The Memorial Mandapa was built to commemorate H H Krishna Raja Wadiyar III in 1915.It is an unassuming building on the site of the ancient palace of the Vijayanagara Viceroys.
Religious Monuments in Seringapatnam
The core of the Temple of Sri Ranganatha Swami, from which Seringapatnam gets its name, was built in 894. The temple was built by the Ganga dynasty
rulers of the 9th century. It was later worked and improved upon some three centuries later. It is dedicated to Ranganatha, the reclining form of Lord Vishnu.
It is the scene of a great festival every January. Outside is a huge temple car which was restored in 1771. The Narasimha Swami Temple built in 1700, contains a fine portrait statuette of a heroic scion of the Wadiyar dynasty. Ganjam was established by Tipu as an industrial suburb. It is a village at the eastern end of the island of Seringapatam. As an outer suburb of the fortress it was dismantled by Tipu in 1799 in fear that the British army might occupy and make use of the area as they had done in 1792. It was re-built after the capture of Seringapatam. The main interest is the small, whitewashed Church of the celebrated Abbe Dubois of the Missions Etrangeres, who worked here from 1799 to 1823. The walls and ceiling of the transept remain as he built them. Dubois is known for having introduced vaccination to the state.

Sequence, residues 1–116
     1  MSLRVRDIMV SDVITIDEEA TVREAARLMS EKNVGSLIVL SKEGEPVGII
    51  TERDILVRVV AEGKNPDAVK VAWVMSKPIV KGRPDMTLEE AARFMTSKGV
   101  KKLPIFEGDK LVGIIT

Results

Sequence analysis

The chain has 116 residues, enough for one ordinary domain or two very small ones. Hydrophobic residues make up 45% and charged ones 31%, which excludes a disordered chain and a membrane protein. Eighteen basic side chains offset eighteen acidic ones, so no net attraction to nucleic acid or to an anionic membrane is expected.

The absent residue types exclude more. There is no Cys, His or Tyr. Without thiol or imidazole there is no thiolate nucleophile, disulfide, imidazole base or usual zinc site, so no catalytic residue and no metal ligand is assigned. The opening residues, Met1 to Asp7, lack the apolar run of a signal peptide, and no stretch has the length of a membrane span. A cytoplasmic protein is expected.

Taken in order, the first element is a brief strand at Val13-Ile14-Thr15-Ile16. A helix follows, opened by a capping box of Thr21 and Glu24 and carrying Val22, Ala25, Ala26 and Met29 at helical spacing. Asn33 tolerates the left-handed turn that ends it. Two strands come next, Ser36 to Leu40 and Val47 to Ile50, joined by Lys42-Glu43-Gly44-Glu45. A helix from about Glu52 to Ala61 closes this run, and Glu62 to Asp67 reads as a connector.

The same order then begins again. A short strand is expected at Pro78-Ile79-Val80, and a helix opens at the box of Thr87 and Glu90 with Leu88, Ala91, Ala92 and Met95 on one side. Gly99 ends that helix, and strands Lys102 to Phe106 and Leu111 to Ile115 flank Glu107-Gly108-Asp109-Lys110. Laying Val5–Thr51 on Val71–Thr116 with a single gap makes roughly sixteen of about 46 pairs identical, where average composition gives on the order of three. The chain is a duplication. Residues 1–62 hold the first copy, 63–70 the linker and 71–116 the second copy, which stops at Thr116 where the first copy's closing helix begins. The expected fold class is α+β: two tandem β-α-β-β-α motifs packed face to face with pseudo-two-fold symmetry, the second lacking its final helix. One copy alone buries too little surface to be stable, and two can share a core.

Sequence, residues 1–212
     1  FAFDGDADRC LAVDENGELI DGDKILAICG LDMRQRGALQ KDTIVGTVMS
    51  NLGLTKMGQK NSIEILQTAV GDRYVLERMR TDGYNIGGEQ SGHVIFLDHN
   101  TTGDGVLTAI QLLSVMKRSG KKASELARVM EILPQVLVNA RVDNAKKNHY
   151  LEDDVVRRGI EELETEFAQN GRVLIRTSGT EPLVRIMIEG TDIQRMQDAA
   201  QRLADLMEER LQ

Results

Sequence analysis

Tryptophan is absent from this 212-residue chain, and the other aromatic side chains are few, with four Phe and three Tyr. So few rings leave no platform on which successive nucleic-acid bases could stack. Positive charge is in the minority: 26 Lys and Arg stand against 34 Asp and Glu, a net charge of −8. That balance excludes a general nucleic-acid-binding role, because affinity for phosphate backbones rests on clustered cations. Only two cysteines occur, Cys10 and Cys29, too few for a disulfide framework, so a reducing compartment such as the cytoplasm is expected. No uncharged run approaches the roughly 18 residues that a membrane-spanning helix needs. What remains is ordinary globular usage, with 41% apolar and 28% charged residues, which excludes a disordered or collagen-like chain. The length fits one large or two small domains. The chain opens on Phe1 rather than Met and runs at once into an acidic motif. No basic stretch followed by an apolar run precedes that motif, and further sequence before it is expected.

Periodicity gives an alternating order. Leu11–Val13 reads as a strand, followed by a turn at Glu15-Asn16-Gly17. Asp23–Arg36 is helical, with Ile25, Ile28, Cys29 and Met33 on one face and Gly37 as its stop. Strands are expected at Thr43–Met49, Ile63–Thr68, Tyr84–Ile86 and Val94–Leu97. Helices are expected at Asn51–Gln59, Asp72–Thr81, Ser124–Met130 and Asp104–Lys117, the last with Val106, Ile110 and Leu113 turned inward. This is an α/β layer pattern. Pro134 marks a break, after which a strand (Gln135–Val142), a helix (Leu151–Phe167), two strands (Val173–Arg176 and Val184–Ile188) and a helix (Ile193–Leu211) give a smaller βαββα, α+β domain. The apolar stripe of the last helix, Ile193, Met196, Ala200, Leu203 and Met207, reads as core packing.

The Jama Masjid (1787) lies close to the Ganjam or Bangalore
Gate and was built by Tipu Sultan. It is a graceful affair with pierced minarets crowned by onion domes which contain narrow staircases. The mosque is cream-colored and within the embrasure of the gate is a small mound, the grave of Mir Muhammad Sadak, Hyder's appalling diwan, master of the most dreadful tortures and later Tipu's right-hand man.